The state attorney general’s office is proposing that the city of Milledgeville pay a $2,500 fine and revise its policies after the City Council’s alleged failure to follow Georgia’s open meetings law.
In a document sent to the city, the state accuses the council of holding an illegal meeting featuring a quorum of council members on March 3, 2014, after the regularly scheduled meeting had been adjourned.
According to the memorandum of understanding issued by the attorney general’s office, the council members “continued to discuss city business, and the public and press were not privy to this discussion.”
The document is a draft and has been sent to the council for its consideration, said Lauren Kane, a spokeswoman for the attorney general’s office. The council could vote to approve or reject the memorandum or ask the city attorney to propose changes to the document.
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Kane said she didn’t know when the council would meet next, nor was there a fixed timetable by which the city was supposed to respond.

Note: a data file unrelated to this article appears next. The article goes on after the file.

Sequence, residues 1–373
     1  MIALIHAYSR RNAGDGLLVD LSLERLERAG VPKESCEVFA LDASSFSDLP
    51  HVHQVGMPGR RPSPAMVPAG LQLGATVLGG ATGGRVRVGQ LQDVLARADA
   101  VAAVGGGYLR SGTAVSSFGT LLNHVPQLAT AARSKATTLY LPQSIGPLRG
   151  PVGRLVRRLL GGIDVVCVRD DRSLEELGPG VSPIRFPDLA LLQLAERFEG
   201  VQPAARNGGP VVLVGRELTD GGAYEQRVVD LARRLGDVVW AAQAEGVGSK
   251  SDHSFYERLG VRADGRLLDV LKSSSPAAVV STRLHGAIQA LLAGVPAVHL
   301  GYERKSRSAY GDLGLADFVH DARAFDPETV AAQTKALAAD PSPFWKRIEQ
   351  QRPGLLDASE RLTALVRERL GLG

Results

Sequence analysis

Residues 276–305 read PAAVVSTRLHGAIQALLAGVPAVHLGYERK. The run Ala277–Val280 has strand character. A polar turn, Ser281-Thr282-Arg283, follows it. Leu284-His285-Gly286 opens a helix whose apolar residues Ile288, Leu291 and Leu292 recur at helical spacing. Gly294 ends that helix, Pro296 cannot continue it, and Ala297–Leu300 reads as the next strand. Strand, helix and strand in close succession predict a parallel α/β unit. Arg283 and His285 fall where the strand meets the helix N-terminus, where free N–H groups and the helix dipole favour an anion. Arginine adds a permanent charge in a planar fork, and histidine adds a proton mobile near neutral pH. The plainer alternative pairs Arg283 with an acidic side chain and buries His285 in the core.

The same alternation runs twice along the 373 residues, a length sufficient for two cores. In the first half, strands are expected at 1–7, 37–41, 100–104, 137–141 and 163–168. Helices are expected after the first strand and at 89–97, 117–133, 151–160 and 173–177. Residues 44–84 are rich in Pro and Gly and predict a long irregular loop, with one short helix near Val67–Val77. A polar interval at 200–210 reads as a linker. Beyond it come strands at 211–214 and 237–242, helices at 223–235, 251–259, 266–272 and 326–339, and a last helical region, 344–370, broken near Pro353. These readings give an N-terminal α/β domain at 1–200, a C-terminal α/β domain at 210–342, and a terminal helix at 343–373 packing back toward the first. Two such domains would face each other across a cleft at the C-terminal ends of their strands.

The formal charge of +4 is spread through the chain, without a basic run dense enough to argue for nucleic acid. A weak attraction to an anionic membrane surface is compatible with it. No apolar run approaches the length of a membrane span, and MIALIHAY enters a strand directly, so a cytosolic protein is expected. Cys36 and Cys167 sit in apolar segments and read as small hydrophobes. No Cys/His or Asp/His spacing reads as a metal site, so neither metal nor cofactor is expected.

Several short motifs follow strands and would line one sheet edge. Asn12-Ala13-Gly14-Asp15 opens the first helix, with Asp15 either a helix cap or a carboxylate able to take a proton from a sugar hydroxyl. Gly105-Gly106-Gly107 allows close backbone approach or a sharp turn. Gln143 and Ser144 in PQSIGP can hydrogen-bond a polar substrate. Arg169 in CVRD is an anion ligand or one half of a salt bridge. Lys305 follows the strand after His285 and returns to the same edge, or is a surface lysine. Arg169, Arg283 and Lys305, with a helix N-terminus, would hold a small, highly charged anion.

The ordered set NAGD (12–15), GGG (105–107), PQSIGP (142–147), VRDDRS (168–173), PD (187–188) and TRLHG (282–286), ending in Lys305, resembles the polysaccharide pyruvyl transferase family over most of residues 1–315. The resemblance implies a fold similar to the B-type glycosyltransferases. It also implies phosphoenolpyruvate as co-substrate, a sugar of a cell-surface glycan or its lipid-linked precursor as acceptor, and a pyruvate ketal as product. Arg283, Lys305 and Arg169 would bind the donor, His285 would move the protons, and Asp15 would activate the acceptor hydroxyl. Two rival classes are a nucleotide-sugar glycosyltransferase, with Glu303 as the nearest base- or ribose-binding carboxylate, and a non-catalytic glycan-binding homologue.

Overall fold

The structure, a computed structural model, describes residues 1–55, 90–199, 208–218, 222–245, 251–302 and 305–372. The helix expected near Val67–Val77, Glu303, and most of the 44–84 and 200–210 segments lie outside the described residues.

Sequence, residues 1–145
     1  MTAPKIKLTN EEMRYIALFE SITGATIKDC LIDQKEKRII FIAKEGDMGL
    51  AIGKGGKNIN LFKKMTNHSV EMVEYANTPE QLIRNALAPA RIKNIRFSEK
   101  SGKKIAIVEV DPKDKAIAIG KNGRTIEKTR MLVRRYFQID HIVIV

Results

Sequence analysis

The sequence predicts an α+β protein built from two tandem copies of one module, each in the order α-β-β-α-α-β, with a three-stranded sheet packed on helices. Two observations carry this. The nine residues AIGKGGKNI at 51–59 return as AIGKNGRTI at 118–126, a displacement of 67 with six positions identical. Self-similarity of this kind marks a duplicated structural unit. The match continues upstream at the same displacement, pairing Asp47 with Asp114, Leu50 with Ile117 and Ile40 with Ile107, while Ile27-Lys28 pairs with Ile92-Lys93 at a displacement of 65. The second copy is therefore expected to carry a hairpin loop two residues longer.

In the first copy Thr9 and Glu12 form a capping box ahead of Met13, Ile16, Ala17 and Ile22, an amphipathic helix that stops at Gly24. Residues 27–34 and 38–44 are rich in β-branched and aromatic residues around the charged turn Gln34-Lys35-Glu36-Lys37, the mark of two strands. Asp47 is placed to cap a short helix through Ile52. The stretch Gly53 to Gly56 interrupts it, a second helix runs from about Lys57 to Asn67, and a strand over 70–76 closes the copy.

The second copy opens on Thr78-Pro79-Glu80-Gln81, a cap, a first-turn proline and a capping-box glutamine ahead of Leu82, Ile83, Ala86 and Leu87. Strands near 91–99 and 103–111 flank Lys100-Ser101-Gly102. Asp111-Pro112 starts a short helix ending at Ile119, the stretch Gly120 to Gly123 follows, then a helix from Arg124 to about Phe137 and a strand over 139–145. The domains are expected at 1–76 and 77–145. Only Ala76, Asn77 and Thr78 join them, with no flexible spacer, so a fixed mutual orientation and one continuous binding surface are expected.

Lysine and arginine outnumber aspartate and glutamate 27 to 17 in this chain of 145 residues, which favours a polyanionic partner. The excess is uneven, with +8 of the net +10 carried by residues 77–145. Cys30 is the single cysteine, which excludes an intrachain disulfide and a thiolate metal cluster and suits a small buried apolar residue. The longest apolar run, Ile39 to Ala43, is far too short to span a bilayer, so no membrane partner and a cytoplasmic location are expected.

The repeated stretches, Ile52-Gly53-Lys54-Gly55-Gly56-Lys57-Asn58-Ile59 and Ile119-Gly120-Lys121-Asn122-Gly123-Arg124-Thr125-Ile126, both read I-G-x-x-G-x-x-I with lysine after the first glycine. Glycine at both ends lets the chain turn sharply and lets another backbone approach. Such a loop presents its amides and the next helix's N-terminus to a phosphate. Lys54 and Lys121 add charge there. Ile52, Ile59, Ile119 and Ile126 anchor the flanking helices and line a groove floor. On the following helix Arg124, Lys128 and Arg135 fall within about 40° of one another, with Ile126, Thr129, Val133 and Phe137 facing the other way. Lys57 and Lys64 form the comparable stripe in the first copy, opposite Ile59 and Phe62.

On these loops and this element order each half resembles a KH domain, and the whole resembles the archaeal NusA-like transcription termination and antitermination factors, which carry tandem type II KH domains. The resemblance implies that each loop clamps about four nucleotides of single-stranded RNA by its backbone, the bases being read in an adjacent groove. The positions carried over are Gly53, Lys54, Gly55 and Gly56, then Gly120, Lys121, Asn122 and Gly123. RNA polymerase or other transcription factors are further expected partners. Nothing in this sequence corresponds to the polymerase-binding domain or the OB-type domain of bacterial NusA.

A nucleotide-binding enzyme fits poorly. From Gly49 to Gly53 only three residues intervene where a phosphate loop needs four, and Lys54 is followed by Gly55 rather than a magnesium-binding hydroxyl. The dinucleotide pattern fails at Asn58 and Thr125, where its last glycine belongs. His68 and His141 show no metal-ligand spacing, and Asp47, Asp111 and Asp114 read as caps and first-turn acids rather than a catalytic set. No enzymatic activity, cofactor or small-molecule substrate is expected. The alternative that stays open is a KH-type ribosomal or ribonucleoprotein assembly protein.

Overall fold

Citing the ongoing nature of the issue, Kane declined to comment on what the consequences would be if the city rejects the proposal, or what monitoring system would be in place to ensure that the council followed the Open Meetings Act from now on if it accepts the agreement.
Attempts to reach interim Mayor Jeanette Walden, councilwoman Denese Shinholster and city attorney Jimmy Jordan were unsuccessful Monday. City Manager Barry Jarrett was out of the office Monday.
The memorandum also indicates that the city failed on other occasions to follow the open meetings law, either by meeting in closed sessions on government business that should have been open to the public or by failing to provide proper notification of a public meeting.
According to the memorandum, the law allows the state to impose a fine of up to $1,000 for an initial violation and $2,500 for each subsequent violation within a 12-month period.
The state wants the city to admit that the violations occurred; pledge to conduct all future meetings in open sessions (except closed sessions as permitted by Georgia law); and attend training sessions on the law regarding open records and open meetings.
If the city fails to meet those requirements, according to the memorandum, it would be subject to a $3,500 fine for a first violation and $2,500 for subsequent violations.
To contact writer Phillip Ramati, call 744-4334.